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Arapovo Monastery – a guardian of Orthodoxy and the Bulgarian spirit

| updated on 1/21/20 12:24 PM

The Arapovo Monastery of Saint Nedelya located southeast of the town of Asenovgrad is the only Bulgarian monastery built during the Ottoman rule. In the period of Bulgaria’s National Revival, it played an important role in the spiritual and cultural awakening of the Bulgarian nation.

The monastery came to life in 1856 when a monastic dormitory was created near the gushing holy spring in the area, called in Bulgarian “ayazmo”. The construction of the monastery complex lasted several years and ended in 1859. Contributing to this deed was Archimandrite Sophronius, who became the first abbot of the newly created monastery. The chief master builder was Stoyan Buradzhitski (aka Usta Stoyu) from the village of Yogovo as the Plovdiv-based Bulgarian Church Municipality which was formed in the late 1850s during the national and church struggle for Bulgarian independence also played a role in the construction.

In 1867 a Bulgarian school was opened in the Arapovo Monastery”, explains the monastery's acting abbot, Father Dobromir Kostov. “It had prominent enlightenment figures involved in the National Liberation Movement as teachers. According to the newspaper “Macedonia” published in Tsarigrad in this period, 60 children from the surrounding villages and about 40 poor children from Plovdiv were studying at the monastery at that time. In 1872, the Metropolitan of Plovdiv Panaret, who was also the first Bulgarian bishop appointed by the Bulgarian Exarchate, emphasized in a speech he gave that the great role of the Arapovo Monastery in the preservation of the Orthodox faith and the Bulgarian identity was its educational activity. It had a beneficial effect on the local population and helped people withstand pagan customs and superstitions. At that time, a printing workshop began to operate in the monastery, in which icons and lithographs were printed, some of them reaching as far as the towns of Prilep and Veles in Macedonia. Although it emerged late in the Bulgarian Revival period, the Arapovo Monastery of Saint Nedelya occupied a significant place in the three major lines of the Bulgarian Renaissance – new Bulgarian education, church independence, national liberation”.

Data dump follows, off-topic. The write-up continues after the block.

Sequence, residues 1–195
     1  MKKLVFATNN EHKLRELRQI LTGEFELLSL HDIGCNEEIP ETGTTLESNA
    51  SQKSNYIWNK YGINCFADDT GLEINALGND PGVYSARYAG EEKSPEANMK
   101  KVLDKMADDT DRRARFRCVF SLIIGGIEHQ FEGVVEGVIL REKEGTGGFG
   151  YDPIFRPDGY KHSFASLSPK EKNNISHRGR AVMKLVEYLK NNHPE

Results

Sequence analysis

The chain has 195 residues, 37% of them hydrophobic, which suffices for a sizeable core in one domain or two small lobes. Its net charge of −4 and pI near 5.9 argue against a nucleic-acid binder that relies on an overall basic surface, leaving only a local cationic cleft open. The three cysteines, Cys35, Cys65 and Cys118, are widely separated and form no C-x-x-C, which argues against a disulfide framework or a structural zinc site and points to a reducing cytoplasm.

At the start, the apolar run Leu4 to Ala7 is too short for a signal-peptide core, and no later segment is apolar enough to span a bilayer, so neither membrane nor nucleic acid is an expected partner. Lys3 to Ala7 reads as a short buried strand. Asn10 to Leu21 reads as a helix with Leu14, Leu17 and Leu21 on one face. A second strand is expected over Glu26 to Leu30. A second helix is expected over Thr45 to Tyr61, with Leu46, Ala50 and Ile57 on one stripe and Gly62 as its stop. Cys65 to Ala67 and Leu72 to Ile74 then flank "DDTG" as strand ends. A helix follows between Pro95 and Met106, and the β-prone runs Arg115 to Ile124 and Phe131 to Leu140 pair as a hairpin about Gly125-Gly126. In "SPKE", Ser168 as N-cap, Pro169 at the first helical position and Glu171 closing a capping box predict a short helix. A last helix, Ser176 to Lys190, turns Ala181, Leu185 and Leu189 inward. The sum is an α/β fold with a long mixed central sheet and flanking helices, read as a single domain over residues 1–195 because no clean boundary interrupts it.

The construction of the monastery church dedicated to the Holy Martyr Nedelya lasted three years from 1856 to 1859, and its iconography was completed in 1864. The mural decoration was started by the National Revival Period painter Alexi Atanasov from the town of Stanimaka (present-day Asenovgrad), together with his disciple, the future great Revival Period painter and photographer, Georgi Danchov aka Zografina from the town of Chirpan. In the central part of the church, also known as the naos, one can see over 150 scenes from the life of Jesus Christ, Virgin Mary and many saints related to Bulgarian history. Other scenes depict Saint Petka Paraskeva, Saint John of Rila, and also the sufferings of the patron saint of the Holy Monastery – Holy Martyr Nedelya.

“The chief iconographer Georgi Danchov, imbued with high patriotic feelings, looks back at Bulgarian history and creates for the first time in Bulgaria a whole series of scenes depicting the praiseworthy deed of the creators of the Slavic alphabet, the brothers Cyril and Methodius”,  Father Dobromir goes on to say. “Scenes from their lives showing how they are preaching among the people and baptize the Holy Prince Boris, in the presence of all noblemen and his sons, are recreated by the painter also in the chapel of the monastery holy spring erected in 1859.

There he also painted the disciples of the holy brethren - Kliment, Naum, Gorazd, Sava, and Angelarius. Recalling the glorious times in which Bulgarians had their kingdom and church, their literature and culture, the desire of icon painters was to awaken the national consciousness of the Bulgarian people. Moreover, the Arapovo Monastery rises in close proximity to Stanimaka, present-day Asenovgrad, which was one of the active centres of the Greek influence at the time”.

One can also see a three-storey residential tower in the monastery's yard, intended to give shelter to the monks and the inhabitants of the monastery in the turbulent times when Bulgaria was under the Ottoman rule. For this reason, the first two floors are made of stone masonry, as there are loopholes for self-defence cut into the stone on the first floor. The third floor is designed as a dwelling as its architecture is typical of the 19th century. On its northern outer wall, a mural depicts the victory of the biblical hero Samson over the lion. Through this allegory of the biblical legend, the author of the composition wanted to give confidence to the Bulgarian people against their oppressors. The defence structure is known by the name of the Tower of Angel Voivode, since the funds for its construction were donated precisely by the champion of the people, Angel Voivode, who operated with his band of haiduks in the area and guarded the Rhodope Mountains from the Ottomans until 1860.

English Rossitsa Petcova

Photos: wikipedia.org / Peter Georgiev

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